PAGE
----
What were the most important legal developments of the past 30 years?

Can you guess which lord chancellor was the last to use the word ‘verily’ on radio? The answer, I can say with some confidence, is Lord Hailsham – who uttered the archaic adverb in a speech to the Magistrates’ Association almost 30 years ago. We ran an extract from his speech in the first edition of Law in Action, which I presented on 14 October 1984.

For the anniversary edition, which Radio 4 will be broadcasting on 14 October, I shall be asking three distinguished legal figures to nominate the most important legal development in the UK over the past three decades. We shall then take a vote.

The aim of Law in Action remains unchanged. We still explain recent legal developments to people with no specialist knowledge of the law. But our style has become more informal as our techniques have improved. We get out more and listeners no longer hear the tube trains rumbling just below the sub-basement studio that we used to use.

Everyone has now become more media-savvy. We interview serving judges, something that was simply not allowed 30 years ago. It was in 1984, as I recall, that the lord chancellor’s department acquired its first press officer and solicitors were first allowed to advertise their services. But it was all very low-key: the senior solicitor I interviewed on our first programme told me I could name him – but not his firm.

To remind myself of how the law sounded in 1984, I recently spent a self-indulgent half-hour listening to our launch edition. I should say immediately that I took a career break of nearly 25 years in the middle of the run.

Lord Hailsham really did sound like a dinosaur in his speech to the magistrates. ‘There is, I verily believe, no people’s court on either side of the iron curtain,’ he told them, ‘which is as representative of the responsible elements in society as the lay bench in England and Wales.’ Hailsham’s implication that the magistracy’s less well represented minorities were not ‘responsible elements’ gave us plenty to talk about.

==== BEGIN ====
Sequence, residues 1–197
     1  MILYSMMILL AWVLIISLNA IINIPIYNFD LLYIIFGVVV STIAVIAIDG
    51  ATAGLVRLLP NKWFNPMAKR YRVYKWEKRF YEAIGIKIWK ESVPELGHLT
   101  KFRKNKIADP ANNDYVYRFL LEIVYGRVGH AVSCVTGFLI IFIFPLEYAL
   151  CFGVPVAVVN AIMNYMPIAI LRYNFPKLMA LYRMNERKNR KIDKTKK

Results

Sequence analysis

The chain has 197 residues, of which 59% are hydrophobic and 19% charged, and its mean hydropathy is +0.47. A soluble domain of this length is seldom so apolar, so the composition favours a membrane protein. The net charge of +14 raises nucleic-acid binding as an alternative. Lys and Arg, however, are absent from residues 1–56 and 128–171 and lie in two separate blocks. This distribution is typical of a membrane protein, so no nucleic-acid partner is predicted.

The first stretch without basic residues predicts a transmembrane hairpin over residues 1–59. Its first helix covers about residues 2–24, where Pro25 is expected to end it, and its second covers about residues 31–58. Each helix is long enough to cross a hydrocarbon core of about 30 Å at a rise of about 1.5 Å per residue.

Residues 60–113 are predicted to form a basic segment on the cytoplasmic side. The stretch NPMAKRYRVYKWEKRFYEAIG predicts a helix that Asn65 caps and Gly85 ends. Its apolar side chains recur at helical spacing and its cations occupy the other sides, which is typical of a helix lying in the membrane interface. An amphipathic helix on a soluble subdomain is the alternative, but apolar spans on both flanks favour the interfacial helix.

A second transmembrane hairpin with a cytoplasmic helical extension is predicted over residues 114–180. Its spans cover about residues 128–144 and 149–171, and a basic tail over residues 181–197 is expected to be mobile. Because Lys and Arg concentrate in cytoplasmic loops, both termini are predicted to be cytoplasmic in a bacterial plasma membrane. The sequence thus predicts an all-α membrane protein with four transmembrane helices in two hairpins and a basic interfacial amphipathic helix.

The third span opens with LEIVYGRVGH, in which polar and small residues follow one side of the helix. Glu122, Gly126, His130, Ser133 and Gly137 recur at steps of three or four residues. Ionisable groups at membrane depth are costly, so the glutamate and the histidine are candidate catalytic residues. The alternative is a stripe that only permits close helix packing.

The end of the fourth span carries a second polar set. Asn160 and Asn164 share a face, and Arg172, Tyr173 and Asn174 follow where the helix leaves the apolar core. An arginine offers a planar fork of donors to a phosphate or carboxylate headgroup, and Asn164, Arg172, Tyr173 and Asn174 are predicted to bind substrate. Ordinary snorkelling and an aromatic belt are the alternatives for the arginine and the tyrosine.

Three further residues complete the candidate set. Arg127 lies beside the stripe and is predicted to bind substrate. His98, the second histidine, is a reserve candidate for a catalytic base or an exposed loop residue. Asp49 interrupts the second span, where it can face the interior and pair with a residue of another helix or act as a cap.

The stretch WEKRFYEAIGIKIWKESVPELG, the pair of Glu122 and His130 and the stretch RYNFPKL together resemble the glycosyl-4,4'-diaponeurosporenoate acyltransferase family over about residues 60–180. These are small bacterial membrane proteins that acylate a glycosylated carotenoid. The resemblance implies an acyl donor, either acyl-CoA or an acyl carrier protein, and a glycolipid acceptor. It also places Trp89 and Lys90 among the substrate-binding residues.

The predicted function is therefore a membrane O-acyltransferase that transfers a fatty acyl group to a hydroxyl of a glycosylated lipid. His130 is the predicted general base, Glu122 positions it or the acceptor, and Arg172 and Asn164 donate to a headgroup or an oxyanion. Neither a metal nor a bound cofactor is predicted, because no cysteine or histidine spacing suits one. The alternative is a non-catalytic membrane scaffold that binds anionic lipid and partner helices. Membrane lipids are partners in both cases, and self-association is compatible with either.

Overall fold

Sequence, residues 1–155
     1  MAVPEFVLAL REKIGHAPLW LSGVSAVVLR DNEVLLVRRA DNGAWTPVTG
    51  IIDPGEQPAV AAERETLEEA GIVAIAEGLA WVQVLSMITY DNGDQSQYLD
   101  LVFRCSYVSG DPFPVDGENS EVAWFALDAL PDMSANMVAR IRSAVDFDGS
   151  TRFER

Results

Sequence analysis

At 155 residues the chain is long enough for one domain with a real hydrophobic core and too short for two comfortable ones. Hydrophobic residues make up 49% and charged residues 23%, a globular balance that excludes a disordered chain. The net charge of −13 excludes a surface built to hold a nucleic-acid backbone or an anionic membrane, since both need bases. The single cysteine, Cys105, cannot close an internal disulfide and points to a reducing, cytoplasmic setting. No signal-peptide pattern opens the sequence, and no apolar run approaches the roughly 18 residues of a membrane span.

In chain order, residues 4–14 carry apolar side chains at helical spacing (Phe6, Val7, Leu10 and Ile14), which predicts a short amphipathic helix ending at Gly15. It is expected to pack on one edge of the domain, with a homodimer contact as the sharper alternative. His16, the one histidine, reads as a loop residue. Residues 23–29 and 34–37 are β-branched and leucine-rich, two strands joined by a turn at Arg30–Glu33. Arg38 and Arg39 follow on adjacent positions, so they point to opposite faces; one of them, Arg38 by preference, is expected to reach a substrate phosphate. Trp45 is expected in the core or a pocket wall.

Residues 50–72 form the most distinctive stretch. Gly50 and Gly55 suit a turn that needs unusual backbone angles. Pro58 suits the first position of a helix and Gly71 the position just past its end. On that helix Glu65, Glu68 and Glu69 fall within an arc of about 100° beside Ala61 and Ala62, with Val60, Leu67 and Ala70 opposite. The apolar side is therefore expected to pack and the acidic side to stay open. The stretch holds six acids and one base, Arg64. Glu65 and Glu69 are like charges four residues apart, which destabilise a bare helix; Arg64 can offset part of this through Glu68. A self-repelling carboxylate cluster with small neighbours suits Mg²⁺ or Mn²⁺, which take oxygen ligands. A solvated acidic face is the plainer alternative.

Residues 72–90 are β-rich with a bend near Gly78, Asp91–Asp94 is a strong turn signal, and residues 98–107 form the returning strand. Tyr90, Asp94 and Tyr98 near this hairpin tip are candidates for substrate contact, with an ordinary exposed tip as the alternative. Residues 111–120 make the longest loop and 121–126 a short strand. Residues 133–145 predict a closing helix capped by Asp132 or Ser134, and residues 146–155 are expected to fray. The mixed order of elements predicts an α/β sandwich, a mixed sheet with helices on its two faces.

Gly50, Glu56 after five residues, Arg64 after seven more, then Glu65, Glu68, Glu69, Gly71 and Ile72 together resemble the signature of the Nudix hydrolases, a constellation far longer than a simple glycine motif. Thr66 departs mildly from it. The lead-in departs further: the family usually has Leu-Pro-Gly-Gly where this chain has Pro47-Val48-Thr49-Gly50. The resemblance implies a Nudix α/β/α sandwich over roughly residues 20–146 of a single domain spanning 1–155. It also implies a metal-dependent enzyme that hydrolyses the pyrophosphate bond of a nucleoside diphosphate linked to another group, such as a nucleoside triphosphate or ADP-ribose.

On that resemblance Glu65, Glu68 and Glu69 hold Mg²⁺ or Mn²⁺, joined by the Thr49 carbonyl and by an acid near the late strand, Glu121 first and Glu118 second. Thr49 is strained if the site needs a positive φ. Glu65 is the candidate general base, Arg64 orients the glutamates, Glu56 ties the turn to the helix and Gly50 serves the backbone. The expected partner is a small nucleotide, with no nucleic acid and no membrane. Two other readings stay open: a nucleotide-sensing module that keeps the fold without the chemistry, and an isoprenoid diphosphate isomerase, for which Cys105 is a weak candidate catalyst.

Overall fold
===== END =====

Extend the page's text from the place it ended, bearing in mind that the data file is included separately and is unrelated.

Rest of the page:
And his reference to the iron curtain was not as anachronistic as it sounds: it was another five years before the Berlin Wall fell.

Arthur Scargill

Source: Press Association

But the biggest legal story during our first few months was the miners’ strike of 1984/85. This year-long dispute was the last occasion in which the survival of a government was threatened by industrial action. And the strike itself was fought almost as bitterly in the law courts as it was on the picket lines.

Gavin Millar, then a young employment lawyer and now a leading QC, expressed the view in the first interview we broadcast that a divisional court headed by Lord Lane had been wrong to uphold a ban on secondary picketing. We also considered how the Queen’s Remembrancer might have enforced a fine of £1,000 for contempt of court that had just been imposed on Arthur Scargill (pictured left); frustratingly for the miners’ leader, it was later paid by an anonymous well-wisher.

But nobody paid the much larger fine imposed on the mineworkers’ union itself and mysterious figures called sequestrators were appointed to hunt down the union’s assets.

Margaret Thatcher’s government also banned trade unions at GCHQ, the government’s eavesdropping centre.

Asked on the first Law in Action about the unions’ legal challenge, Professor Jeffrey Jowell correctly predicted the law lords’ subsequent ruling: that although prerogative powers – which Thatcher had used – were not immune from judicial review, the courts would not interfere with the prime minister’s conclusion that national security requirements outweighed the need for prior consultation with the unions.

Trade unions have certainly declined in power over the past 30 years. But I don’t suppose that would be regarded as the most important legal development since 1984. So what should we choose? The decline in legal aid? Freedom of information? The growth in information technology? The expansion of surveillance powers?

Might it be the launch of the Crown Prosecution Service in 1986? The miscarriages of justice that came to light between 1989 and 1992? The devolution of law-making powers to Scotland, Wales and Northern Ireland? Independence for Scotland, if it happens? Or perhaps the growth of the EU (10 countries in 1984; 28 now).

For me, there are two main contenders. One is the Human Rights Act 1998, which looks as if it will dominate the forthcoming election campaign.

The other is the process of constitutional reform launched by Tony Blair in 2003. That, of course, reduced the role of the lord chancellor, increased the powers and responsibilities of the judges and led to the creation of the Supreme Court.

So which would you choose?